Searching over 5,500,000 cases.


searching
Buy This Entire Record For $7.95

Download the entire decision to receive the complete text, official citation,
docket number, dissents and concurrences, and footnotes for this case.

Learn more about what you receive with purchase of this case.

Richard v. Harris

United States District Court, W.D. Louisiana, Lafayette Division

November 7, 2018

LAWRENCE RICHARD
v.
ALONZO HARRIS ET AL

          SUMMER HAYS JUDGE.

          REPORT AND RECOMMENDATION

          CAROL B. WHITEHURST UNITED STATES MAGISTRATE JUDGE.

         Before the Court, on referral from the district judge, is a Motion To Dismiss Plaintiff's Complaint filed by Defendant Sheriff Bobby Guidroz (“Guidroz”) [Rec. Doc. 49].

         I. Factual Background

         The Plaintiff, after dismissal by the State Court in an action that was pending in the 27th Judicial District Court for the Parish of St. Landry, State of Louisiana, in Civil Action No. 16-C-0977-A, sought to file this action herein against a number of defendants, including St. Landry Parish Sheriff Bobby Guidroz. He alleges that his property was taken by “fraudulent acts by persons in authority.” [Rec. Doc. 1, p 4.] Plaintiff alleges that Guidroz should be charged with negligence, accessory and withholding evidence because this matter “could have been taken care of but authorities was saying they can't do anything after a judge ruling and I feel like everybody was in favor of the judge.” [Rec. Doc. 11-1, p.3]

         II. Law and Analysis

         A. Standard of Review

         1. Fed.R.Civ.P. 12(b)(6)

         When evaluating a motion to dismiss pursuant to Rule 12(b)(6), the court “must accept as true all well pleaded facts in the complaint, and the complaint is to be liberally construed in favor of the plaintiff.” Kaiser Aluminum & Chem. Sales, Inc. v. Avondale Shipyards, Inc., 677 F.2d 1045, 1050 (5th Cir. 1982); Miller v. Stanmore, 636 F.2d 986, 988 (5th Cir. 1981). However, the court may not accept as true mere conclusionary allegations. Kaiser Aluminum, 677 F.2d at 1045; Assoc‘d Builders, Inc. v. Alabama Power Co., 505 F.2d 97, 100 (5th Cir. 1974). “Factual allegations must be enough to raise a right to relief above the speculative level.” Bell A. Corp. v. Twombly, 550 U.S. 544, 555-56 (2007). Facts that merely create a suspicion of a legally cognizable right of action are not enough. Id. (citing 5 C. Wright & Miller, Federal Practice and Procedure § 1216, pp. 235-236 (3d ed. 2004)). Although a complaint should not be dismissed for failure to state a claim unless it appears beyond doubt that the plaintiff can prove no set of facts in support of his claim, Kaiser Aluminum, 677 F.2d at 1045; Conley v. Gibson, 1');">355 U.S. 41, 45-56 (1957), a complaint may be dismissed that shows relief to be barred by an affirmative defense. Kaiser Aluminum, 677 F.2d at 1045; United Trans. Union v. Florida East Coast Railway Co., 586 F.2d 520, 527 (5th Cir. 1978).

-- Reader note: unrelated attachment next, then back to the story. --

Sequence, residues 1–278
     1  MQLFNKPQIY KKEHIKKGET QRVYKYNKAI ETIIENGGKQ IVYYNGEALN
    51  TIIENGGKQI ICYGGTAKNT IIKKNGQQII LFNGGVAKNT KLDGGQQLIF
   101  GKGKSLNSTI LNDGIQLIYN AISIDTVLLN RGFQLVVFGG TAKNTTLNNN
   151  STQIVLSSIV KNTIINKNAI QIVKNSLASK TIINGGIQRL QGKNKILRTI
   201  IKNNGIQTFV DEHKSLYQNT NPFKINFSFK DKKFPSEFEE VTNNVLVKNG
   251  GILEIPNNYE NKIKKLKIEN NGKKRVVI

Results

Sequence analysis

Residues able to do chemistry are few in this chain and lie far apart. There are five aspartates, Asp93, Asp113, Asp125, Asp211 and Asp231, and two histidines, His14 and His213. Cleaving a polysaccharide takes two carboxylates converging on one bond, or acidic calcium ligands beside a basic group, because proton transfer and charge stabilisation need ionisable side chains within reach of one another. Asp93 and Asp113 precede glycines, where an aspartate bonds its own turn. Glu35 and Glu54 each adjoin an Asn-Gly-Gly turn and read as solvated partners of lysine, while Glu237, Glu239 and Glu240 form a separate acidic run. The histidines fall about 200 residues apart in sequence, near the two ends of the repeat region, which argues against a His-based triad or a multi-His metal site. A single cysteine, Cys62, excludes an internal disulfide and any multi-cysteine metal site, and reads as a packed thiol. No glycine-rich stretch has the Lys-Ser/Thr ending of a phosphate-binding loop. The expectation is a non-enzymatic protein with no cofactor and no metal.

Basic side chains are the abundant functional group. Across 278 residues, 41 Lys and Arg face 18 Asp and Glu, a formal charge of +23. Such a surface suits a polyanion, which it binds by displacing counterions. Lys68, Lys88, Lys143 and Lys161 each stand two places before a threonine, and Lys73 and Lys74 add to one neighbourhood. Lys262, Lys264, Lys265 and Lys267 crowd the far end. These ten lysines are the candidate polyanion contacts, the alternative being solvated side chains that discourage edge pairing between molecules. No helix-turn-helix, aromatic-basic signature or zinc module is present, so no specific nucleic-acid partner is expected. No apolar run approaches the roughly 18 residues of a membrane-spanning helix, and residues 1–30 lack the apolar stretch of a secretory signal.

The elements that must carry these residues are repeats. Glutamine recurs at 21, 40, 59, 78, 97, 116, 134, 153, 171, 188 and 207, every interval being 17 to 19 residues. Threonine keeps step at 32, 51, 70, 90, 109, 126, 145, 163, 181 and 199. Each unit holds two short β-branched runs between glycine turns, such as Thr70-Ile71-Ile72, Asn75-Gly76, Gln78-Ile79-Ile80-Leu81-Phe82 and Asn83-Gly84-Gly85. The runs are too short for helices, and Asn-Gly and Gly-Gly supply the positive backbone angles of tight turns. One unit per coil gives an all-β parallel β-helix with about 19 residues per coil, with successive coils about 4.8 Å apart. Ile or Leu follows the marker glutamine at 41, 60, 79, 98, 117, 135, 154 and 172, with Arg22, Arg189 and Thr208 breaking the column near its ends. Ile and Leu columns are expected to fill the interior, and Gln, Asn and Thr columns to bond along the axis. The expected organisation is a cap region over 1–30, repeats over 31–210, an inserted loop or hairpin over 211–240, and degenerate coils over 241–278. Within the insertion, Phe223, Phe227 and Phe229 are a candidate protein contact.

In deciding a motion to dismiss, a court may (without converting the motion to one for summary judgment) properly look beyond the complaint to matters of public record. Wright v. U.S. Postal Services, 344 F.Supp.2d 956, 961 (M.D. La. 2004); Cinel v. Connick, 15 F.3d 1338');">15 F.3d 1338, 1343 n. 6 (5th Cir.), cert. denied, 13 U.S. 868');">513 U.S. 868 (1994); Louisiana ex rel. Guste v. United States, 1310');">656 F.Supp. 1310, 1341 n. 6 (W.D.La.1986), aff'd, 832 F.2d 935 (5th Cir.1987), cert. denied, 1033');">485 U.S. 1033 (1988).

         2. Fed.R.Civ.P. 12(b)(1)

         In the context of a motion to dismiss, the applicable test for determining jurisdiction on the face of the pleadings is not whether the plaintiff may actually recover, but “whether the federal court claim alleged is so patently without merit as to justify the District Court's dismissal for want for jurisdiction.” Sisk v. Texas Parks and Wildlife Dept. 1056');">644 F.2d 1056, 1058 (5th Cir. 1981). Therefore, the complaint must be drawn to seek recovery under a federal statute or directly under the United States Constitution, and not immaterial and made solely for the purpose of obtaining federal jurisdiction, or wholly insubstantial and frivolous. Spector v. L Q Motor Inns., Inc., 17 F.2d 278');">517 F.2d 278, 281 (5th Cir. 1975); Bell v. Hood, 327 U.S. 678, 682-83 (1946).

         B. Analysis

         Sheriff Guidroz argues, and this Court agrees, that Plaintiff has failed to allege any actions, performed directly by the Sheriff or that would otherwise implicate him. He has also failed to identify a protected property ...


Buy This Entire Record For $7.95

Download the entire decision to receive the complete text, official citation,
docket number, dissents and concurrences, and footnotes for this case.

Learn more about what you receive with purchase of this case.